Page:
• Think about purchasing some additional accessories to protect your new laptop, such as a case or carry bag, keyboard cover and/or screen protector.

Screen Size

Choosing the right sized laptop is also important and ultimately comes down how portable you need your laptop to be. Generally, laptops are categorized by their display sizes, see below:

11-12 inches

An 11-12 inch laptop is the lightest and thinnest system. This size typically weighs 1-1.5 kgs. As this is the smallest size, the screen and keyboard may be too confined for some users.

13-14 inches

This size provides great portability and usability and usually weigh 2kgs. This size will fit comfortably on your lap and still gives generously sized keyboards and screens. A laptop under 2.5kgs would be ideal, however extremely lightweight systems are available with these screen sizes. This is an ideal sized screen for a student or business worker.

15 inches

15” is the most popular laptop size, tending to weigh around 3kgs, and are great all-rounder laptops perfect for home use. Generally this size is inexpensive and is ideal for work purposes or if you don’t require to carry your laptop around with you, however is less portable than the smaller 11-13 inch. A lot of 15 inch models include DVD drives.

17-18 inches

If you’re wanting to play high end games or do workstation level productivity you may want to consider a 17-18 inch model, as long as your needs include leaving your laptop on your desk all day every day as these tend to be quite heavy. Laptops this size can pack in high speed quad core CPUs, graphics chips and multiple storage drives.

When shopping for a laptop, it’s a good idea to – if allowed - physically handle the display models to get an idea of how heavy the laptop will be. Another idea is to bring a bag that you will be using to carry the laptop in with you to see if the screen size fits the bags measurements. Alternatively, measure your bag inside and out and bring these measurements with you. Keep in mind other items you may be carrying with you like chargers, headphones, personal items etc.

2-in-1 Hybrids

Recently a number of hybrid “2-in-1” laptops have come onto the market. These laptops bring the best of both worlds, doubling as both a laptop and a tablet by using bendable and rotatable screens. If you’re regularly going to use your laptop in slate mode or want flexibility to use your laptop as a standalone tablet you may want to consider these versatile designs. These models offer touch-screen capabilities.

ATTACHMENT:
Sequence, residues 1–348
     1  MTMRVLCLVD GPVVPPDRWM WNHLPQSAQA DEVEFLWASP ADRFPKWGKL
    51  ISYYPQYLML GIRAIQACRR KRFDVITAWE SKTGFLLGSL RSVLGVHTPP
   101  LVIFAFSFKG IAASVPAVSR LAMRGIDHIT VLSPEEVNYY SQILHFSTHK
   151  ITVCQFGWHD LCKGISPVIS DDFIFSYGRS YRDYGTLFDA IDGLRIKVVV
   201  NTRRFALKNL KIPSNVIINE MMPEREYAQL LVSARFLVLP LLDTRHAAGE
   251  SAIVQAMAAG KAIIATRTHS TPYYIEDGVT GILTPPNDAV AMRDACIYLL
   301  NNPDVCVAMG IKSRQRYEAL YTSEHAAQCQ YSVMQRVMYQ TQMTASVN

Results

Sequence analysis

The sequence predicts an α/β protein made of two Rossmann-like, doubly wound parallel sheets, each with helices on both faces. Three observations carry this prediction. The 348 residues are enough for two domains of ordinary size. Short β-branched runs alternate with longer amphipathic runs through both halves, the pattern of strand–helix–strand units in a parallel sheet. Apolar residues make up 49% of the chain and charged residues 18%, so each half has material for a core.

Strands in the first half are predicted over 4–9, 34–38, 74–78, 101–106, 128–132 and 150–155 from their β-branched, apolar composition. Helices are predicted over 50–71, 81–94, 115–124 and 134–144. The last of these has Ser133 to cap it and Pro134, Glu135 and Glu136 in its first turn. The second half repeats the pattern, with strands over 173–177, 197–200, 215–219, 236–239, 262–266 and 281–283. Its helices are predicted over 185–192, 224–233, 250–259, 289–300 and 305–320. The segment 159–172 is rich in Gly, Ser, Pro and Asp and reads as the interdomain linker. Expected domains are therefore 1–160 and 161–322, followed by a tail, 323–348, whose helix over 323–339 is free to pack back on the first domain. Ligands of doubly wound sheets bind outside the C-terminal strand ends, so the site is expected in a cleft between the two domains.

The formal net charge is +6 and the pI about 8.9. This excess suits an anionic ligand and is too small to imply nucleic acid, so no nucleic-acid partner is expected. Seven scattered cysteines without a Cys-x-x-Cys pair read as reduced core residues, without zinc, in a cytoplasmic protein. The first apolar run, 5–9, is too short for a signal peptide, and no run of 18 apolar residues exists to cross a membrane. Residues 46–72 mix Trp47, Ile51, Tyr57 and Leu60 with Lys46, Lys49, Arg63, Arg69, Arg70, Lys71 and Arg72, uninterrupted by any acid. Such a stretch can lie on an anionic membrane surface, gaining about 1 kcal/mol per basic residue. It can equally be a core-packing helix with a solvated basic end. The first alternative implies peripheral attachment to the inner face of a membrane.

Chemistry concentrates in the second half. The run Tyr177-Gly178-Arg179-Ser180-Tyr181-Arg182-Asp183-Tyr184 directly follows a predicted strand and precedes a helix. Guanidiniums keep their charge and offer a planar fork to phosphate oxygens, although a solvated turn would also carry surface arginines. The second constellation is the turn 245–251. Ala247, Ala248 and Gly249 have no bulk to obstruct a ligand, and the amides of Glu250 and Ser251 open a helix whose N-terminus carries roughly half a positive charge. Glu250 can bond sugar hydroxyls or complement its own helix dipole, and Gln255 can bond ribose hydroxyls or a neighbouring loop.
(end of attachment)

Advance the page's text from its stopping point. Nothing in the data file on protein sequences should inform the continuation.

We recommend browsing the Microsoft Surface range as it includes some of the best options!


Intel's Ultrabook™ standards have not been updated publicly for several years, but at the time of writing this, a laptop qualifies as an "Ultrabook" if it meets the following physical specifications.

  • (20 mm) for laptops with smaller displays (less than 14")
  • (23 mm) for laptops with larger displays (14" or more)
  • Battery Life: At least 6 hours of HD video playback or 9 hours of Windows OS idle time
  • How long to wake up from hibernation: 3 seconds or less

Keyboard & Mouse

The keyboard and mouse functions are an integral part of how you use your laptop. It’s important to make sure these elements are both comfortable and easy to use.

  • Make sure the keyboard is large enough for your hands to easily reach and press all keys, and that the keys aren’t sticking or feel too loose.
  • The touchpad mouse should be satisfying to click, easy to grasp, pinch, scroll and click with, and have the ability to adjust touchpad sensitivity to suit your preferences.
  • Alternatively, if you prefer to use an external mouse or keyboard, make sure there’s an ability to use wireless accessories or plug in with a USB port.
  • Backlit keyboards are a great option for those using their laptop in low-lit areas such as the bedroom, at night, or gaming with the lights off.
  • Smaller laptops (<15 inch) don’t include the NUMPAD keys and this can be an issue for some users.


Laptop ports allow for users to plug in, charge, and use multiple different devices on your laptop. It’s a good idea to consider what you’ll be using your laptop for and what type of connections the cables are on your other devices. Below is a list of ports, what cables/products these would use, and what context they’d be used for.